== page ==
Shells, installed on the shadow box backing.

That one happened to be my favorite of the three. It hangs nicely on the wall inside the sunroom, where I can enjoy its symmetry while I drink coffee and check my emails in the morning.

Pretty frame, now in the sunroom.

The other two frames were designed also. I really wanted the trio to stay designed as a series, but a series that could be hung together or separately with ease, since artwork tends to move about in my house. I used shells exclusively in one of the other frames, but in a slightly more classic way positioned in rows. A simple starfish (a San Francisco vacation treasure) found a home in the third frame.

Finished frames.

While the frame in the front has stayed hung in the sunroom, the other two are currently on the other side of the wall, positioned in the living room.

Hung shadow boxes.

I actually really like how the glass bulb of the pendant distorts the clean organization of the shells, demonstrated here:

Finished shadow boxes.

Pretty! And an easy and completely unique project at that.

Catching the home improvement bug at an early age, Emily Winters is a now a devoted DIYer living in Rochester, NY. The projects she covers on her blog Merrypad range from painting a wall to building a deck, so it’s only natural she landed at DIYNetwork.com. You can follow Emily on twitter at @merrypad and like her on facebook at facebook.com/merrypad.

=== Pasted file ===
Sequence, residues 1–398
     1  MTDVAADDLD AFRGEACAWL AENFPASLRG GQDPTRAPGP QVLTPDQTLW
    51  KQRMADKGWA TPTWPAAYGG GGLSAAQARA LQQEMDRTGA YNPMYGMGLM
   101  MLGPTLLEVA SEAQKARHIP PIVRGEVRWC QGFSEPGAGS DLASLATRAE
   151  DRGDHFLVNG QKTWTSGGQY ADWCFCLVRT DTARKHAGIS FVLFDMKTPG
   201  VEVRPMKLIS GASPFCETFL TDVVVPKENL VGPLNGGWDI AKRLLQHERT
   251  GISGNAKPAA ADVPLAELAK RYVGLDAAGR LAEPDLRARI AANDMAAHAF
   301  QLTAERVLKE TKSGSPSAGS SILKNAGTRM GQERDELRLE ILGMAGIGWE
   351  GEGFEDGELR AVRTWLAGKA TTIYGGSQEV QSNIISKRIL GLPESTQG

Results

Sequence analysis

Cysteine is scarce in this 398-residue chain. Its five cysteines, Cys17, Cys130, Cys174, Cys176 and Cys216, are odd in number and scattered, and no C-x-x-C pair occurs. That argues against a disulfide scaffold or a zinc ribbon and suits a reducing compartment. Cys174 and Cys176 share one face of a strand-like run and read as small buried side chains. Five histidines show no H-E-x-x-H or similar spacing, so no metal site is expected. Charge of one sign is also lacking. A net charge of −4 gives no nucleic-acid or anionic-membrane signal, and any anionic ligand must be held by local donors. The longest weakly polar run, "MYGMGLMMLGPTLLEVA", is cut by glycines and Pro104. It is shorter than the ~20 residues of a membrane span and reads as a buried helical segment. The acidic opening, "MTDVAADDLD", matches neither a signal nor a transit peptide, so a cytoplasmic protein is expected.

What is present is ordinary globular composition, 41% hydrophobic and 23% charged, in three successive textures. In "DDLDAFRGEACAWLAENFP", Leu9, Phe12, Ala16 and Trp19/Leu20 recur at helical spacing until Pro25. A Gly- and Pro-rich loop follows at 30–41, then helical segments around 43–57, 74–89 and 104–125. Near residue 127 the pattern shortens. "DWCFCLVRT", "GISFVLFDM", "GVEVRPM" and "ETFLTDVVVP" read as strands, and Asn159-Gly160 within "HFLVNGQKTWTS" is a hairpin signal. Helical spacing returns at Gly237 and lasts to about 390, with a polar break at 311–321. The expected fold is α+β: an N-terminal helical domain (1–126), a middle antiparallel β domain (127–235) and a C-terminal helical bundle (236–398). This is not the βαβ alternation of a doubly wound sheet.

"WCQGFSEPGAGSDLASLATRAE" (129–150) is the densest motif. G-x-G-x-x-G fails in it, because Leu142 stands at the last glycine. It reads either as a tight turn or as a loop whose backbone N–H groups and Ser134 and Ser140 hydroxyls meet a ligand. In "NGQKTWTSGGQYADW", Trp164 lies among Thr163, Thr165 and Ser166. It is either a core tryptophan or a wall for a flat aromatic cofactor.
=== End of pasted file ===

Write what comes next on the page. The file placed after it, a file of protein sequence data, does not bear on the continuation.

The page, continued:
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  5. Herbert Hardaway says:

    All forms and styles of seashells can be put together to make a fun and trendy garland. Just routine an opening at the top of each spend, and sequence them on a piece of obvious sportfishing cable. Line usually is not powerful enough. If you're short on seashells, you can make the same impact by interspersing obvious or bright drops in between the seashells. Decorate the garland over a clinging reflection, part it on top of a drawer or sequence it across a mantel.

  6. Ezekiel says:

    I love the manipulation of light and shade, hence the shadow effect that is quite 3d on revular angles. I can use this for my Cedar West concepts.

  7. Erica says:

    I impress how creative you make a home decorations and it is nice that you only used recycle materials though creating home decor with recycle material is exciting to do.

    Net curtains

  8. Terrence Westbrook says:

    That's actually not a bad idea. I sure hope some furnished apartments around Brussels come with those – not that I wouldn't just make or get them after the pad first.

  9. [...] made something fun-slash-pretty for this week’s post on DIY Network, and I think you’re going to like it. Even if you don’t have a gigantic cinderblock [...]

  10. elena says:


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  12. mariangel says:

    Love it..

  13. Winter Boyd says:

    I like how Emily incorporated nature into her shadow boxes. Seashells are not only eye catching. they capture a warm and sunny day at the beach. .

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About Emily Fazio 


I caught the home improvement bug at an early age, and now I'm a full-time DIYer living in Rochester, NY. The projects I cover on my blog Merrypad range ...